And so I tell them, yeah, life sucks sometimes. But you just got to move on. Quit whining and playing the blame game and just DO.
At the end of the day, be thankful for what you have and not bitter for what you do not have. And there, really, are plenty of things to be grateful for, if you would just open your eyes and see.
This morning, I decided to go for a run instead of lazing around at home in the morning. Of course, my littles refused to let me out of their sights but I could only take one of them so poor bubba had to stay at home with papa while Aidan came with me. I strapped him into our trusty stroller, packed a bottle of cold water and snacks for him, put Spotify on my phone and off we went.
It was such a hard run. The weather was starting to burn up at 815am and the sun was blazing. It was my first time running with our stroller AND Aidan but thankfully, our amazing stroller was so easy to manoeuvre and it was gliding along the pavement smoothly.
I lasted, hmm, all of 10 minutes. And then I had to alternate between running and brisk walking. It was okay though. I knew I hadn’t been running for a while and the body needs to adapt to having to push the stroller. And when I was walking, the little man and I were having conversations about what we were seeing – rubbish trucks, MRT, construction, (cranky) cranes etc. We were admiring the butterflies flapping among the greenery and shouting out the numbers of the buses that zoomed past us.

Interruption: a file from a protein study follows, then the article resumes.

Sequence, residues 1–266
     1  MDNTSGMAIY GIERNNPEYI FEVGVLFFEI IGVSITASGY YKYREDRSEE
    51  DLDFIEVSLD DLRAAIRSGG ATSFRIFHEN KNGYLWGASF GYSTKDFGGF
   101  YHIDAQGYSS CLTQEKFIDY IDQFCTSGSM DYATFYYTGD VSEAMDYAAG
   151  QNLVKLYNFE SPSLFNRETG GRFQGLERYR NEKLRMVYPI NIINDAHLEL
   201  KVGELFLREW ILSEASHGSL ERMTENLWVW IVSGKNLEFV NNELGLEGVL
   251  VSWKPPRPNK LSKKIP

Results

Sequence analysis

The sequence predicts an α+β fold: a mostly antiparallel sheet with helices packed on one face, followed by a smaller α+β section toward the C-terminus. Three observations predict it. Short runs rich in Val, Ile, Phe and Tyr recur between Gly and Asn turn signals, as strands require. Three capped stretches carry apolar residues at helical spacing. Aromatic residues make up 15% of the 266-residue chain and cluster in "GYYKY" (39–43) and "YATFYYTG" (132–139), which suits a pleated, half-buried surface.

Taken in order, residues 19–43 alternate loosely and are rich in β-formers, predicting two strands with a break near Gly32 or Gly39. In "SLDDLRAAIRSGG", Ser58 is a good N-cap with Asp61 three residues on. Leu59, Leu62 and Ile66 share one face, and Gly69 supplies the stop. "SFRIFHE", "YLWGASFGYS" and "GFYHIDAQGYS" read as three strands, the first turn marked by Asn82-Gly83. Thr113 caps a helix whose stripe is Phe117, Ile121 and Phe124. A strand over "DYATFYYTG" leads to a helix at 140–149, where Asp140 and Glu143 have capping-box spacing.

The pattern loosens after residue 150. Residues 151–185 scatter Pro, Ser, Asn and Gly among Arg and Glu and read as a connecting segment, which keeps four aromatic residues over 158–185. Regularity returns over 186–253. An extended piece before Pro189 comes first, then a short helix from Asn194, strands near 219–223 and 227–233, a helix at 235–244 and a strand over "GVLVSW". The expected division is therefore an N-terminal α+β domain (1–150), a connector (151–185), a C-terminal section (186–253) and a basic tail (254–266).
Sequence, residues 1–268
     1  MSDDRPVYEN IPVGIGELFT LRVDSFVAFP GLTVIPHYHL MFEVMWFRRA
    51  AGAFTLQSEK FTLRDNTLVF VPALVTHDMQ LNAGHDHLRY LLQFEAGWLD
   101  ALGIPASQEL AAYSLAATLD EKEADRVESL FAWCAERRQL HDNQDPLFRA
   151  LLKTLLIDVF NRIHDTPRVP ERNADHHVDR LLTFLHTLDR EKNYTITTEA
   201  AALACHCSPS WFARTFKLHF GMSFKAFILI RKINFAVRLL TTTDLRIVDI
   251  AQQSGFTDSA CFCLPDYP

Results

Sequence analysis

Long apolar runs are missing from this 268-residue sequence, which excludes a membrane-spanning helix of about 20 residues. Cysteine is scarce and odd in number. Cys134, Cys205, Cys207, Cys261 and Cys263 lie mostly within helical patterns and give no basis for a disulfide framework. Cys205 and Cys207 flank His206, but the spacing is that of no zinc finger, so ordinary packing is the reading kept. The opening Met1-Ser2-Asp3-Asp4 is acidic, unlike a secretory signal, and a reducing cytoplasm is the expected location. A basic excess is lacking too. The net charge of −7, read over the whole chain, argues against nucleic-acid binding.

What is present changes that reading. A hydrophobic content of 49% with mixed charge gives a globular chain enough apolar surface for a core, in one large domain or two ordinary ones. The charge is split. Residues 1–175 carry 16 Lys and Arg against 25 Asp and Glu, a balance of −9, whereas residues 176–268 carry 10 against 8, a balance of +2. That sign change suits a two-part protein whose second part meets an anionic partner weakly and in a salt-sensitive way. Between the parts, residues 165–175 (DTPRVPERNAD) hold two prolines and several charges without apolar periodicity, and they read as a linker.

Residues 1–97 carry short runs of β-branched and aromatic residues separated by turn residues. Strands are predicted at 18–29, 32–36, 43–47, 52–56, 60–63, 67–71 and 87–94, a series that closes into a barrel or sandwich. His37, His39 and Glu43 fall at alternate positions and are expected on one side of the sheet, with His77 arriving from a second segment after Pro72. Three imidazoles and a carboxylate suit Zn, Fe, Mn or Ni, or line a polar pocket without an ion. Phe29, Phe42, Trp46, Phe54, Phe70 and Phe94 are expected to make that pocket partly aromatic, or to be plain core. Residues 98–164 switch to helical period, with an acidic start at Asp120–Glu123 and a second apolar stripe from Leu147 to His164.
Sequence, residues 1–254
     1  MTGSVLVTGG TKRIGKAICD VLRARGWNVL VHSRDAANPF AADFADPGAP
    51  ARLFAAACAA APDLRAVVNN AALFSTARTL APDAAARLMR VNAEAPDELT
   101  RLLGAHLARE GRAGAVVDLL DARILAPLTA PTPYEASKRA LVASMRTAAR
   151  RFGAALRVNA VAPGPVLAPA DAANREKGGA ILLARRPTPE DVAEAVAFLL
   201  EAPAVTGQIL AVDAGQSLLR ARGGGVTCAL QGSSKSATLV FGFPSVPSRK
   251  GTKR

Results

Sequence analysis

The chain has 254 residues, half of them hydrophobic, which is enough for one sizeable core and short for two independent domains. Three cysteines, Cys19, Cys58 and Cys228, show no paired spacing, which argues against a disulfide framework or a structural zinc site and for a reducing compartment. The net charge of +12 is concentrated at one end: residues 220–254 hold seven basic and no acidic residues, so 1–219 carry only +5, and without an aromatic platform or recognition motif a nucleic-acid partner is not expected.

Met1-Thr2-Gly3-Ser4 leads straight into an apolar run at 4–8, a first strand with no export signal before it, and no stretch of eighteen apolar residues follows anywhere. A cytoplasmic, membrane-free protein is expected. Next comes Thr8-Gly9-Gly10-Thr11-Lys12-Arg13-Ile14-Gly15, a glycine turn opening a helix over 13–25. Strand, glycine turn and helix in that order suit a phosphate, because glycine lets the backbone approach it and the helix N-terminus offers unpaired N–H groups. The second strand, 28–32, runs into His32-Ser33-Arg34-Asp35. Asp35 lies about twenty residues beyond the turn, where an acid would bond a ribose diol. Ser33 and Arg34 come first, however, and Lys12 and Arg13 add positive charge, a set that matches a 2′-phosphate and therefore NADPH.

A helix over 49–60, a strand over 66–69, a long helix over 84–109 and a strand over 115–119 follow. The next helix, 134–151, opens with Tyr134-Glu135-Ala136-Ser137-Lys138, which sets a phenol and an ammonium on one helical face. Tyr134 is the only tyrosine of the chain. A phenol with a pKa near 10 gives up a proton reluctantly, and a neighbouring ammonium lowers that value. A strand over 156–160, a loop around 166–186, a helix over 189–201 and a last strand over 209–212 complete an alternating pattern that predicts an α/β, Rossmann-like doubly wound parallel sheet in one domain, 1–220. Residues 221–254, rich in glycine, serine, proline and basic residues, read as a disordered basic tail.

On our way back, a young Malay couple, who were devouring cold drinks after their run, hastily made way for me as I rounded the corner with the stroller.
“Thank you!” I called out.
The man smiled. “Most welcome!”
As we neared home, an elderly Sikh was walking his dog with a cup of coffee in hand. Our eyes met and we smiled.
I decided to break the ice and be neighbourly. “Good morning,” I said.
“Lovely morning to you too,” he replied, tipping his cup in our direction.
Behind him was a Chinese woman walking hand in hand with a little girl.
“Look at didi on the stroller,” she said to the girl. I smiled at her and she smiled back, before urging the girl to wave to us.
Even though it wasn’t much of a run, I went home with a happy heart. This is the Singapore that I love, the country I call home. There are many imperfections, no doubt about it, but there is also much to be proud of.
There are many cynics out there who feel that we are overdoing this SG50 celebration, that every company and every ministry is trying to milk it. True it may be but then again, when I turn 50 and I am still Fabulously Gorgeous, you can bet that I will want to celebrate gloriously too.
So let’s pack away the cynicism for just a month more, let the lady turn 50 in a blaze of fireworks, song and dance, and then we can go back to being the practical Singaporeans that we are.
My dear son,